• News
  • Viking Buffalo search and rescue offer may be trumped by Alenia

Viking Buffalo search and rescue offer may be trumped by Alenia

Attempts by Canada's Viking Air to restart production of the de Havilland DHC-5 Buffalo utility aircraft could be scuppered by the Canadian government. Ottawa may opt for new aircraft for its future fixed-wing search and rescue requirement and reject the British Columbia-based company's proposal to modernise the country's fleet of ageing twin-engine Buffalos.

The government is preparing to issue a tender for 17 new aircraft and the Alenia C-27J Spartan is hotly tipped as the favourite. "We were working with the Canadian Defence Forces on a modernisation of the Buffalo covering engines and avionics, but in November last year work stopped when they told us they were reviewing their fixed-wing programme," says Viking chief executive David Curtis. "The only complaint they had is the Buffalo is getting too old, but the upgrade will extend the aircraft's life considerably."

Viking Air Buffalo Viking Air
 © Viking Air

Viking says it can build a modernised version of the Buffalo with Pratt & Whitney PW150 engines, glass cockpit and synthetic vision, forward-looking infrared and night vision capability - similar to what is offered in the Twin Otter - for 40% less than the cost of the C-27J. "The Buffalo offers an effective, economical and Canadian solution to the replacement issue and Viking is prepared to work with the government to develop a staged approach to upgrading and modernising the current fleet," says Curtis.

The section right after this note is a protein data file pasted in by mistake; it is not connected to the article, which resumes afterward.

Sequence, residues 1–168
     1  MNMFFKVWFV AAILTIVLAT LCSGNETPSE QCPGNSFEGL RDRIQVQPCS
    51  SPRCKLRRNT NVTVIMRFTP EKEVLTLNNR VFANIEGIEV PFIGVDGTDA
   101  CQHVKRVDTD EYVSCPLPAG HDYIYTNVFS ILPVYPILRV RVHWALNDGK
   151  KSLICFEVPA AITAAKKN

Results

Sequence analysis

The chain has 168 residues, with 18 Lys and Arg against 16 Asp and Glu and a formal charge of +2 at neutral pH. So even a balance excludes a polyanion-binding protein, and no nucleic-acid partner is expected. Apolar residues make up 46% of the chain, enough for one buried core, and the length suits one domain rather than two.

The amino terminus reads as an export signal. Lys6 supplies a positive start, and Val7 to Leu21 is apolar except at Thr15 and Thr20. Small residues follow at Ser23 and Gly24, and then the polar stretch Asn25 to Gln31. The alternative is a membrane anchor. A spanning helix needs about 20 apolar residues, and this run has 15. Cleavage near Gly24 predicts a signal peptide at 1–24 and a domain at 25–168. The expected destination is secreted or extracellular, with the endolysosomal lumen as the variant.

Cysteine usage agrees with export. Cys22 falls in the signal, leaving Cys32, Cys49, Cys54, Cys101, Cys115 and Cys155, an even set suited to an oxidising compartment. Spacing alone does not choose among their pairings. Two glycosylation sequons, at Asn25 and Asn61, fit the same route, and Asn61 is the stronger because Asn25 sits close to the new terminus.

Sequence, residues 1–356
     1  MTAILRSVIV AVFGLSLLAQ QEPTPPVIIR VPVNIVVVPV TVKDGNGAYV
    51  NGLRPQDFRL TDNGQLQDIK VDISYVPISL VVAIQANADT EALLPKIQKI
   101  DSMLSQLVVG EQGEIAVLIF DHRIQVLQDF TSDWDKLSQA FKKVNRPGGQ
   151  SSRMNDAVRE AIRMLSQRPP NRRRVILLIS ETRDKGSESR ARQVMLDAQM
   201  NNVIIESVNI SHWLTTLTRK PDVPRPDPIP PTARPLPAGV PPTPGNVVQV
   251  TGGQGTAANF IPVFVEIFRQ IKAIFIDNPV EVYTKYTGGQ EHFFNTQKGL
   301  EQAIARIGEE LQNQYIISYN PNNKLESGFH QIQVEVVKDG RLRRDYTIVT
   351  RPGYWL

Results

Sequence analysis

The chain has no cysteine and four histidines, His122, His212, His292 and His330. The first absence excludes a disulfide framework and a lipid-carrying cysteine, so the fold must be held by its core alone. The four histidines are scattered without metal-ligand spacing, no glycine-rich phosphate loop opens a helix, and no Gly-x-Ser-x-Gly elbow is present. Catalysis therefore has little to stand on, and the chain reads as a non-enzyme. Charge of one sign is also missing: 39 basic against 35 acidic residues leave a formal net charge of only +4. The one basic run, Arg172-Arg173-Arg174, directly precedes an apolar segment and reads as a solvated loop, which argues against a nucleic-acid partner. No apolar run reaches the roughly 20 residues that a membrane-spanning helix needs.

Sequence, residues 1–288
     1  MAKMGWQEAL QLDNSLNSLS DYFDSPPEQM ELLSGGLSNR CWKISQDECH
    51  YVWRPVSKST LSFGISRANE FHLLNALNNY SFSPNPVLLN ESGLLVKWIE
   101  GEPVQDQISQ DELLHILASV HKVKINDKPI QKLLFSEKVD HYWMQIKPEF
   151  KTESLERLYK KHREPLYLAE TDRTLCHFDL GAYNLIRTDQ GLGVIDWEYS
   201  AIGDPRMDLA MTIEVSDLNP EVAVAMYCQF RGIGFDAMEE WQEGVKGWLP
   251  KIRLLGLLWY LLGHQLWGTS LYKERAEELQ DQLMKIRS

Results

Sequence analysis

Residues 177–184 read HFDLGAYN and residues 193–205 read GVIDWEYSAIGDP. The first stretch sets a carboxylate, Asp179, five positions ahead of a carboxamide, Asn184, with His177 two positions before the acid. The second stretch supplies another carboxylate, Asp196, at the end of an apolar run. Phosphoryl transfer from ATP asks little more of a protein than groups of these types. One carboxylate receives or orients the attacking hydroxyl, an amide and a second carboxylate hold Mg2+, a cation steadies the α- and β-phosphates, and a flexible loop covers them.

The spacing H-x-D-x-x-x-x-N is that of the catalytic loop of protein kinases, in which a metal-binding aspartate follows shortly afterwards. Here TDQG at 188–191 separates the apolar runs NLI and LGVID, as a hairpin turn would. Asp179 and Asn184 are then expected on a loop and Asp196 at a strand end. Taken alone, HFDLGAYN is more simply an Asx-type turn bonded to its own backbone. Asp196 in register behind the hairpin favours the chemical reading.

The Buffalo, last produced in 1982, could be back in production within four years, Curtis says and could also be developed for other missions including commercial passenger transport. Canada's current Buffalo search and rescue aircraft - used in the Rocky Mountains and coastal British Columbia - have been in service since the late 1960s. Around 125 of the types were built, of which 50 remain in service.

Alenia is also pledging major industrial benefits for Canada if it wins the contract, Curtis says. These include $3 billion in high-tech aerospace work to Canadian companies and provision of access to further opportunities through parent Finmeccanica.

Viking owns the rights to a number of older de Havilland designs for which it is responsible for worldwide support. The company is no stranger to resurrecting defunct aircraft. In 2007 it restarted production of the DH-6 Twin Otter - last produced in 1988 - delivering the first revamped model equipped with new engines and avionics late last year.

Seven more of the types, dubbed the Series 400 Twin Otter, are scheduled for delivery by the end of the third quarter.